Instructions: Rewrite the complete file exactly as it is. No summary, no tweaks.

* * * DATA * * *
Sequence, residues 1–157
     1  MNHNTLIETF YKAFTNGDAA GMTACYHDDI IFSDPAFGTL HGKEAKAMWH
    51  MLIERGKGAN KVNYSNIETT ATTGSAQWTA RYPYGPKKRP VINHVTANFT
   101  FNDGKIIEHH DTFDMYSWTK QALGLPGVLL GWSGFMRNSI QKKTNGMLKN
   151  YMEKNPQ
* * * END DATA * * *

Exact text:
Sequence, residues 1–157
     1  MNHNTLIETF YKAFTNGDAA GMTACYHDDI IFSDPAFGTL HGKEAKAMWH
    51  MLIERGKGAN KVNYSNIETT ATTGSAQWTA RYPYGPKKRP VINHVTANFT
   101  FNDGKIIEHH DTFDMYSWTK QALGLPGVLL GWSGFMRNSI QKKTNGMLKN
   151  YMEKNPQ